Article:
The Dalles, Ore. (KOIN) — Community members rallied against plans for a Union Pacific railroad expansion before a public hearing on the proposal Tuesday night.
Union Pacific wants to build 4 additional miles of mainline track that would allow longer trains to come through the Columbia River Gorge.
But opponents say they’re worried the railroad expansion would negatively impact the natural area there, including the salmon habitat.
On top of that, there’s safety concerns about possible derailments.
A Union Pacific train derailed near Mosier on June 3, 2016. In the incident, 11 cars full of crude oil derailed and one caught fire.
At the time, Dan Serres, Columbia Riverkeeper’s conservation director, called it a “textbook example of what can go wrong with an oil train.”
Many residents and environmental groups in the area have spoken out against oil-by-rail since the derailment, citing dangers to the natural resources along the Gorge.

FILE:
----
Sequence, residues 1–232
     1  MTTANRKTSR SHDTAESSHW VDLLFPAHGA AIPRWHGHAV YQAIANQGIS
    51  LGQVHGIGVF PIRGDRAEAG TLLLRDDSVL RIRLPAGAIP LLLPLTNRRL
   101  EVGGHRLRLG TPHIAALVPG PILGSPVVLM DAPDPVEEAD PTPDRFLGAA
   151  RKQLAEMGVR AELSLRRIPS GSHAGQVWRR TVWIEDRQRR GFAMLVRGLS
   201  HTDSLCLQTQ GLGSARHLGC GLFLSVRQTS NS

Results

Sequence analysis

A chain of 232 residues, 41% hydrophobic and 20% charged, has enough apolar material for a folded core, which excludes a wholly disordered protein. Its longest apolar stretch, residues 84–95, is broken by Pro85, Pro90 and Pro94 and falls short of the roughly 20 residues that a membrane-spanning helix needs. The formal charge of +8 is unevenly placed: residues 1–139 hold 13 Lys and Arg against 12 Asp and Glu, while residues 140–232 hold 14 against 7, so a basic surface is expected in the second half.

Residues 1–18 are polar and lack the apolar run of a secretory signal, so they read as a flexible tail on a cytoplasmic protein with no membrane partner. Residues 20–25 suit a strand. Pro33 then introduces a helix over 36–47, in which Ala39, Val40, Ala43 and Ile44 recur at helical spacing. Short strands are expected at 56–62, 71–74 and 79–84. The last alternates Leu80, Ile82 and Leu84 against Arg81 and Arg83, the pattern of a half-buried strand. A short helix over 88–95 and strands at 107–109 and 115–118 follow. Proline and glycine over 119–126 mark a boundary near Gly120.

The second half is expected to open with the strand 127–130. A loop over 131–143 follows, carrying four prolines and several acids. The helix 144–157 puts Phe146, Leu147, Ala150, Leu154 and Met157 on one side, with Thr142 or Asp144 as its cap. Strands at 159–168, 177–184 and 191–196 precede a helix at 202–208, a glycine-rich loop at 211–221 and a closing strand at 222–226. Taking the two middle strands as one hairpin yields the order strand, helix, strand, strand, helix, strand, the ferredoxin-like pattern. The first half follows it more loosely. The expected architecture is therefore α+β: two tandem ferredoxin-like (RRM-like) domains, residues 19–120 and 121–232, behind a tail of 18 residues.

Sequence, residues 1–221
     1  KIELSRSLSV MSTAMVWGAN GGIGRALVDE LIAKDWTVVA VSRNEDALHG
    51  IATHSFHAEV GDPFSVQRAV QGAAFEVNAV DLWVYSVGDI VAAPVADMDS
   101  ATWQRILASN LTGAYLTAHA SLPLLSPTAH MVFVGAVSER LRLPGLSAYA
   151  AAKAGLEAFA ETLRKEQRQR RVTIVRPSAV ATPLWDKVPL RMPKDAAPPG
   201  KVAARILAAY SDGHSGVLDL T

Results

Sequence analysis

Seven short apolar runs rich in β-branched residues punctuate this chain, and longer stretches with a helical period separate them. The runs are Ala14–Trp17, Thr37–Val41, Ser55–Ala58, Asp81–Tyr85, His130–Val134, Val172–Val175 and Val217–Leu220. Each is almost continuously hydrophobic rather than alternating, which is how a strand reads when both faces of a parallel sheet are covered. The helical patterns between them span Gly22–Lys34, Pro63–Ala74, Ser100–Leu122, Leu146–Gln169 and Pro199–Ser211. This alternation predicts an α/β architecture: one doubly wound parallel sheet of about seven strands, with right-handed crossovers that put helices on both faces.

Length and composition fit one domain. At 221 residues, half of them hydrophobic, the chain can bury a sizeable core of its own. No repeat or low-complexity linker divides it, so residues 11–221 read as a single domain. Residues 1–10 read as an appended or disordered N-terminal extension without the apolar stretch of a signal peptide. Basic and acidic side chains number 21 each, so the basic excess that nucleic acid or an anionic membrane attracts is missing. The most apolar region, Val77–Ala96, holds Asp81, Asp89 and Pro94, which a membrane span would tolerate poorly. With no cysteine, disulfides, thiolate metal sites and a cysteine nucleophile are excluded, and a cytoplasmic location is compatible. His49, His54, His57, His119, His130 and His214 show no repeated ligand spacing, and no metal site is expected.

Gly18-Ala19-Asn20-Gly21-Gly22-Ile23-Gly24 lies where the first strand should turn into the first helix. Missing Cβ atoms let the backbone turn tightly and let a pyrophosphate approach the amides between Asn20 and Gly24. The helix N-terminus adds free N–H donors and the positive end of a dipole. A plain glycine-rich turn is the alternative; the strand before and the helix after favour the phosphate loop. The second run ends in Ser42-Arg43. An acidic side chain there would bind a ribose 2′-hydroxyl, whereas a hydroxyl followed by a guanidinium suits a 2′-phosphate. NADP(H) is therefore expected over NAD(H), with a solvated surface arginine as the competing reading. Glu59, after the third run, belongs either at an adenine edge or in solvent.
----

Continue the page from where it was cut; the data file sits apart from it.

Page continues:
Union Pacific spokesperson Justin Jacobs says, while they understand opponents’ concerns, they want to reassure the public that safety will be their top priority.
“They are continuing the replacement process of… lag bolts for rail spikes for better detectability in the Gorge as our commitment following our derailment,” Jacobs said.
Still, not everyone is on board. The group Friends of the Columbia River Gorge doesn’t feel the railroad expansion will bring any economic benefits to local communities.
The Wasco County Planning Commission could make a decision next month.